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Zambia Food and Drink

Zambia isn’t particularly well-known for its cuisine, but the fare you’ll find in luxury lodges and safari camps is generally of an equally high standard to the properties themselves, with interesting barbecued game meats and other South African influences found on many menus.

Towns like Livingstone and Lusaka have some good Western style restaurants and curry houses. Further afield, Zambia’s bountiful lakes and rivers provide plentiful fresh fish both for local fisherman and restaurants across the country. The typical Zambian diet is heavy on starch and comfort foods such as stews, soups and beans.

Zambia’s most popular lager is called Mosi, taken from the original name for Victoria Falls. But in rural areas, you’re more likely to see locals drinking maize or sorghum beer, often homemade.


Freshwater fish: Bream, Nile perch and salmon from the Kafue, Luapula and Zambezi rivers.
Nshima: A stiff porridge made from ground maize – a staple eaten daily in the rural areas. A thinned down version may be eaten for breakfast with sugar and butter.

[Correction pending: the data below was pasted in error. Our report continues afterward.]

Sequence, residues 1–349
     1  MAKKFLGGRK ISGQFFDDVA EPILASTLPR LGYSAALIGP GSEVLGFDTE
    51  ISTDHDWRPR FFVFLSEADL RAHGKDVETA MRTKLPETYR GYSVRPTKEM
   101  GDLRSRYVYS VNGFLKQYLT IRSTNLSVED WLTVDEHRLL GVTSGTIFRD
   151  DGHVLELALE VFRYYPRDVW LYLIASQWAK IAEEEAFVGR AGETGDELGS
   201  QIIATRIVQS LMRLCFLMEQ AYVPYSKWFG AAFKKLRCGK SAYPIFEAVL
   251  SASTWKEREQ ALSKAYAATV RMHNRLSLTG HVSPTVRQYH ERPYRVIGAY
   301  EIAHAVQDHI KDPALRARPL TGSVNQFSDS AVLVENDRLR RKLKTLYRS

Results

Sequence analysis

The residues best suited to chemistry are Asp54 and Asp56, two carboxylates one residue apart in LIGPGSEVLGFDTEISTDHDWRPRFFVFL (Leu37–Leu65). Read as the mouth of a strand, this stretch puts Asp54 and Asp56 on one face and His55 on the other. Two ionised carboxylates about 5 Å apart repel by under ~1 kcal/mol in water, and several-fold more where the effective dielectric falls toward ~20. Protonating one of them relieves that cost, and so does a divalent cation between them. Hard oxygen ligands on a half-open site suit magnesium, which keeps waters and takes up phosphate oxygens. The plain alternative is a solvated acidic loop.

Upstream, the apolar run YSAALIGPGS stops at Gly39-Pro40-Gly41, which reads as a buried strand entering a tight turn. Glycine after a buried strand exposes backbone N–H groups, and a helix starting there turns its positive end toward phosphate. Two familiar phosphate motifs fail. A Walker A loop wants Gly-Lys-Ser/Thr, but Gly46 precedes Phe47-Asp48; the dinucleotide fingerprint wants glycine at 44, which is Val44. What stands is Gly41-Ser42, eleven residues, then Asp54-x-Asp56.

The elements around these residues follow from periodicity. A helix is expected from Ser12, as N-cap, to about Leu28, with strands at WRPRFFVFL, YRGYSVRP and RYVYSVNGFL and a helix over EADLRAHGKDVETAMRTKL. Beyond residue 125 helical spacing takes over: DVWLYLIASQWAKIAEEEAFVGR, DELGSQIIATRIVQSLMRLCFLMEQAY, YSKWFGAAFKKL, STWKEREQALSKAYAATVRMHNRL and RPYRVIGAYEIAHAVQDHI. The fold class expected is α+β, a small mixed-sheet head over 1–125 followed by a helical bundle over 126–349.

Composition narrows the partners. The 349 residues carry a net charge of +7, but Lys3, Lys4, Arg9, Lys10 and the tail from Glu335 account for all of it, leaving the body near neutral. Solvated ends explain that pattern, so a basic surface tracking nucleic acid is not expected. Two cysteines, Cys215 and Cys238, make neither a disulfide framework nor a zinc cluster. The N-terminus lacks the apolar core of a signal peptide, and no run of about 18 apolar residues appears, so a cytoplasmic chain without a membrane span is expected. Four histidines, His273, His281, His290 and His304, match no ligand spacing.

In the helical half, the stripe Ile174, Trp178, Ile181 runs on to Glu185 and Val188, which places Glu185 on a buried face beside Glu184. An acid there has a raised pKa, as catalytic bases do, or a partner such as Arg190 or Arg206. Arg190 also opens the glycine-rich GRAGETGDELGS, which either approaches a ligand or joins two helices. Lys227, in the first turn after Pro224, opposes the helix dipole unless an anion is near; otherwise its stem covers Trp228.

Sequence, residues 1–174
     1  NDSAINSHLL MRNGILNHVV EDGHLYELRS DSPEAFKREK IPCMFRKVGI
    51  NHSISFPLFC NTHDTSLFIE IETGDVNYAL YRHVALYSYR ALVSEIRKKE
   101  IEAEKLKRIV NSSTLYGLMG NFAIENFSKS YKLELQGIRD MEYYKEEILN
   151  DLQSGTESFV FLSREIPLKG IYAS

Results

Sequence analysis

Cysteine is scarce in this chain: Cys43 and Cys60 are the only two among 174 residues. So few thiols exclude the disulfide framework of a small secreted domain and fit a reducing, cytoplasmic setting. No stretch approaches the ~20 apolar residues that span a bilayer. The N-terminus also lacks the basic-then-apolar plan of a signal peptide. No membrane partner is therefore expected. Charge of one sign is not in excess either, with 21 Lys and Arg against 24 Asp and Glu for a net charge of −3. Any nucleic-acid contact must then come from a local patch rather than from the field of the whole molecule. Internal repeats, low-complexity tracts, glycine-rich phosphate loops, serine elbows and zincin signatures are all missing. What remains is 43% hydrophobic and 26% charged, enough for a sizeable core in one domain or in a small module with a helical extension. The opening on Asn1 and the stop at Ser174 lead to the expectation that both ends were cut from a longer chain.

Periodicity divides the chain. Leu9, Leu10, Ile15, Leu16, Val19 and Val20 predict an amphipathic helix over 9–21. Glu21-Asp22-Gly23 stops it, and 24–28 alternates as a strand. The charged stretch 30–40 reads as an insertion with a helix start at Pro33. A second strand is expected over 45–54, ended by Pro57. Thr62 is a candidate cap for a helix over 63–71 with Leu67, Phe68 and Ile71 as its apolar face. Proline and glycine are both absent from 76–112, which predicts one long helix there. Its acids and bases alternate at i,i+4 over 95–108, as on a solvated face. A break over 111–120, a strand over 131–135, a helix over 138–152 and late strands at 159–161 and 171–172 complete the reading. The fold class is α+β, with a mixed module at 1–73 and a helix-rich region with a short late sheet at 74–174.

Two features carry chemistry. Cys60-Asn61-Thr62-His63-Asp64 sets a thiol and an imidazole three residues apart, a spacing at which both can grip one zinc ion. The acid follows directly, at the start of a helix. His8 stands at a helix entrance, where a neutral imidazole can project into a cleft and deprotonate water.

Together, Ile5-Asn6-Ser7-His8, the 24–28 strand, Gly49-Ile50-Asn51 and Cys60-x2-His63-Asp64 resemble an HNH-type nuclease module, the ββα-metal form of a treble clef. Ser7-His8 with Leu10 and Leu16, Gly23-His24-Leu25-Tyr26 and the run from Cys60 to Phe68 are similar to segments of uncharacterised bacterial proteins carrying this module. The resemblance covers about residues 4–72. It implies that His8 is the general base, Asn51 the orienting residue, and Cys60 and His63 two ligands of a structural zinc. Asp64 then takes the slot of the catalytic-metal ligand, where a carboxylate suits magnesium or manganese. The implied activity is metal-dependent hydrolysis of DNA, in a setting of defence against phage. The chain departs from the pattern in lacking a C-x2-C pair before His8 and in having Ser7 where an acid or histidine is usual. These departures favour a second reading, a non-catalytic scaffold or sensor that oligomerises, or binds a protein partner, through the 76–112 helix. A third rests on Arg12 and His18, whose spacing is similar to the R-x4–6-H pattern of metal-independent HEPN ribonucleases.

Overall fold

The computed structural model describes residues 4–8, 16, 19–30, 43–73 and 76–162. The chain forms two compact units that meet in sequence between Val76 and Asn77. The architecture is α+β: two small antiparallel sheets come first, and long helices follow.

Ndiwo: A relish or sauce made from meat or fish boiled with green vegetables, usually served with nshima.
Ifisashi: Vegetarian stew of peanuts, tomatoes, spinach and cabbage, used to accompany nshima.
Samp and beans: Starchy dish made from crushed maize kernels and beans.
Biltong: Spiced, dried meat usually made from beef or game meat.
Sautéed insects: Grasshoppers, caterpillars, cicadas, flying ants and mopane worms are seasonal delicacies for rural Zambians.
Kapenta: A small sardine from Lake Tanganyika that is salted and sundried before eating.
Munkoyo: Zambians’ favourite non-alcoholic drink, made from maize meal and the roots of the Munkoyo tree.
Mosi: The local beer.
Chibuku: An opaque, often homemade beer made from maize or sorghum.


Some restaurants will add a service charge to your bill, if not 10% is standard

Drinking age

18 years.

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